Tics are sudden, brief movements or sounds made by a person that are involuntary in nature. They can be classified as simple tics such as eye blinking or grunting or complex tics such as stepping in a certain pattern or uttering profanity. Tics can occur in any part of the body such as face, shoulders, hands, feet, or legs but common motor and phonic tics are eye blinking and throat clearing. Up to 10-25 percent of children may be affected during early school years. Many times tics are transitory, mild and do not affect the person’s quality of life. But for some, tics can be disruptive to their school, work and social life. For a much smaller percentage, these tics persist longer than one year and are considered “chronic tics.” Some “chronic tics” can be associated with the most severe form of tic disorder called Tourette’s Disorder. Unfortunately lack of sleep and stress can cause tics to worsen. There are various modalities of treatment for tics including CBIT – a comprehensive behavioral intervention for tics, cognitive behavioral therapy and medications.
Obsessive-Compulsive Disorder is an anxiety disorder wherein people have intrusive thoughts, feelings, ideas, or obsessions that make them feel driven to do repetitive behaviors to reduce the associated anxiety. Obsessions are recurrent and persistent thoughts or impulses that are frequently irrational or unrealistic, and cause marked anxiety or distress. Compulsions are repetitive behaviors, rituals, or mental acts.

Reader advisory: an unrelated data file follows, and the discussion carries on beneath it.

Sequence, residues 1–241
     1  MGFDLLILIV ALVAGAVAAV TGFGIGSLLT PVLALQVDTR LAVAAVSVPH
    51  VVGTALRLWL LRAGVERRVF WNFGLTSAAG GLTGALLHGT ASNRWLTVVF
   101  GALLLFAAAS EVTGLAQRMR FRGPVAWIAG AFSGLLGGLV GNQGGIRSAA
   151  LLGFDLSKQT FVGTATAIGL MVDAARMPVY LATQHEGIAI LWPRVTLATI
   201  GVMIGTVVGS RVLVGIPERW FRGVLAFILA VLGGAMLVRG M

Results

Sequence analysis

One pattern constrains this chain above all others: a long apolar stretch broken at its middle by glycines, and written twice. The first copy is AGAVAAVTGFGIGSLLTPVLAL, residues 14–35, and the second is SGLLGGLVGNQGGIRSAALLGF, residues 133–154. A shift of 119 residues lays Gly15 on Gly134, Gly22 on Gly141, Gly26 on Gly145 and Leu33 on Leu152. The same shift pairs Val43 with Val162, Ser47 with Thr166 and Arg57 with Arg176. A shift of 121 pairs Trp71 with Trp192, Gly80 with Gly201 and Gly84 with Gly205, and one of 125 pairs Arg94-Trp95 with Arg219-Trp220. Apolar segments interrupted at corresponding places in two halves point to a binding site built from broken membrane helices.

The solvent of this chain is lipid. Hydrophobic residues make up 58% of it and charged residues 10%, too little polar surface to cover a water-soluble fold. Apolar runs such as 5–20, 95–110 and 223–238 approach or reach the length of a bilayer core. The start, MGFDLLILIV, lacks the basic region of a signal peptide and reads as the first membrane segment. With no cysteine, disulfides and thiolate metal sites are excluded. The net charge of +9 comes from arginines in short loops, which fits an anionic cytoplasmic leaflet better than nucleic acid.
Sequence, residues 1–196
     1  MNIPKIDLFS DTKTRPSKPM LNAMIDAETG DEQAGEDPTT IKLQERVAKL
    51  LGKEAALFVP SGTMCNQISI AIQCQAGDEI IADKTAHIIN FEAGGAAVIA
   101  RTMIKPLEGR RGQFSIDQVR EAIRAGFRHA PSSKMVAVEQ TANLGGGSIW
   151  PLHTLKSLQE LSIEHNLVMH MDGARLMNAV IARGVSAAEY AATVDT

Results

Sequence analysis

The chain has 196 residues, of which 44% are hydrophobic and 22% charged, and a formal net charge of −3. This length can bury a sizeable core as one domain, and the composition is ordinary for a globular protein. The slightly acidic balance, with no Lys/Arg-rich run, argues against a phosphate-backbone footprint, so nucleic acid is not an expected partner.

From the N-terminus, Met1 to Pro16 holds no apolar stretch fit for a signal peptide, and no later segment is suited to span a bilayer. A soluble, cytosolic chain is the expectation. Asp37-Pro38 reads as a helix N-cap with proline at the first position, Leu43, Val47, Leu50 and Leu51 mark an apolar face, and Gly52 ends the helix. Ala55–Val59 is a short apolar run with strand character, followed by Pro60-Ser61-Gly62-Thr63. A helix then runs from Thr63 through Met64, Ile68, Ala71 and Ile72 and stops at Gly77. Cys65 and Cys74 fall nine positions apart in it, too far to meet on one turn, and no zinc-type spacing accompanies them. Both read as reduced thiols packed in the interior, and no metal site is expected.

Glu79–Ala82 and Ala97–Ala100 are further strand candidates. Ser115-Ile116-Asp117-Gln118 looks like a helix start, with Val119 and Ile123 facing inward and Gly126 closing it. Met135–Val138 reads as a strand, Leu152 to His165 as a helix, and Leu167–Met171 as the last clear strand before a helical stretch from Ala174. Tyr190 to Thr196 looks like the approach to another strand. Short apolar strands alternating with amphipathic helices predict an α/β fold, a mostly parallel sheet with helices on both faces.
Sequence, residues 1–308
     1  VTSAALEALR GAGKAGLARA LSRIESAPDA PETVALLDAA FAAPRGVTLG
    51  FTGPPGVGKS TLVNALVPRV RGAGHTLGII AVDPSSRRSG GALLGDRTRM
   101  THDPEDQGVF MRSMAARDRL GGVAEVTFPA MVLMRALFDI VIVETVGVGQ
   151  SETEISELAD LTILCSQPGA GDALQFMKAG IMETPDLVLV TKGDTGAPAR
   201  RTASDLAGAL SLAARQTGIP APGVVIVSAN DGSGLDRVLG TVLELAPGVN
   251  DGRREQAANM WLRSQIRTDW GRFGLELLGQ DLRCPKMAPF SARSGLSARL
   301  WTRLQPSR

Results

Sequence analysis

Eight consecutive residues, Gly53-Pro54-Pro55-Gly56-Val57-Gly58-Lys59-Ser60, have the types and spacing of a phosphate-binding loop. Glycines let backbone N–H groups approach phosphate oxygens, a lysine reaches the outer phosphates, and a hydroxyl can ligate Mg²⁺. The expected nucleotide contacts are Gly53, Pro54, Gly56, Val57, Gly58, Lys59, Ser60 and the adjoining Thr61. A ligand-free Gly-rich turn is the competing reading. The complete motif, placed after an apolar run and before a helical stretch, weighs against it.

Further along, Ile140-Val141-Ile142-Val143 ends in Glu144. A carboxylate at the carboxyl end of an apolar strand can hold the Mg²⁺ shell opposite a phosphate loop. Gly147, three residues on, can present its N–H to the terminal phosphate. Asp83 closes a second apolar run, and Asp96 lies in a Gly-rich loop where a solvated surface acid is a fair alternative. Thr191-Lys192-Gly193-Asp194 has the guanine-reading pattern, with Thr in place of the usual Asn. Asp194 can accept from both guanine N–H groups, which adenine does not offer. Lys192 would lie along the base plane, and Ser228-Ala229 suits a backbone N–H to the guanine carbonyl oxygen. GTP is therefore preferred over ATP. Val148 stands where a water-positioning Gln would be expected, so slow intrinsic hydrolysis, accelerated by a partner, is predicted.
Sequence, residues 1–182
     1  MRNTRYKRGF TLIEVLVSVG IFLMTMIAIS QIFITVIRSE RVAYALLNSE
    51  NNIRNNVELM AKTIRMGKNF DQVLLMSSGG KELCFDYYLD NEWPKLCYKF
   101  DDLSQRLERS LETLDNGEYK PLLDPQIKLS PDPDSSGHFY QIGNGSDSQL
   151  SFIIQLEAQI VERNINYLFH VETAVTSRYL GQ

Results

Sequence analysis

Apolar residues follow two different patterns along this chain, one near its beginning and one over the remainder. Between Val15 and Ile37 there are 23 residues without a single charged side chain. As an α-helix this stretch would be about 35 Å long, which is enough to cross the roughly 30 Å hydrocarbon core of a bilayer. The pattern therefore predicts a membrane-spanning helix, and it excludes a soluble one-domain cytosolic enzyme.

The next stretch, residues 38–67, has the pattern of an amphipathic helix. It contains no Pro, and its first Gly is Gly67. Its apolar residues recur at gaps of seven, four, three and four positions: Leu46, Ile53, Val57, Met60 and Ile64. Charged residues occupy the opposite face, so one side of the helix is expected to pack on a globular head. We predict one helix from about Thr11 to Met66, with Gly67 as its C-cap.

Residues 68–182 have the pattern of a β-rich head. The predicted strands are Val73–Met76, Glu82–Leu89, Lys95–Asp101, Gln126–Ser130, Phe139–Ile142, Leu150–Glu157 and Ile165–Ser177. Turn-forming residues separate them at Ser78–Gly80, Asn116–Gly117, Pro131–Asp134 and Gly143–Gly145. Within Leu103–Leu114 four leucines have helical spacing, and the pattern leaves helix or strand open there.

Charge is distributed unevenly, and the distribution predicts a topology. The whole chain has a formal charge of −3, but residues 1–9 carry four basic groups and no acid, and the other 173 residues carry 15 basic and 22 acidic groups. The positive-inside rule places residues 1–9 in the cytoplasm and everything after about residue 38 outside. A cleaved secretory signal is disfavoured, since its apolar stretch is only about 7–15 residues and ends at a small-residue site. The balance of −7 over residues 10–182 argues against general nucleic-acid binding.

Symptoms of OCD in children can include:
- repeated checking
- excessive washing or cleaning
- extreme arranging and/or hoarding
- repetitive rituals (such as opening and closing a door a certain amount of times before entering or leaving a room)
- making things "just right"
- tapping or touching
- asking repetitive questions
- writing, rewriting, or erasing
Each OCD sufferer may have different obsessions and/or compulsions, but all suffer with marked anxiety and distress related to their OCD that interferes with their activities of daily living including school, work, and personal relationships.
It is estimated that 1 in 200 children may have OCD. The first symptoms of OCD often begin during childhood or adolescence. Many children and adolescents feel embarrassed or ashamed of their symptoms and may be hesitant to talk about their intrusive thoughts or behaviors. An evaluation by a child and adolescent psychiatrist can be crucial to understanding the complex thoughts and behaviors present in OCD and to seek treatment. Studies have shown interventions such as cognitive behavioral therapy and medication treatment if needed are highly recommended to aid treatment. EARLY INTERVENTION IS KEY as OCD can have an insidious process leading to adult dysfunction.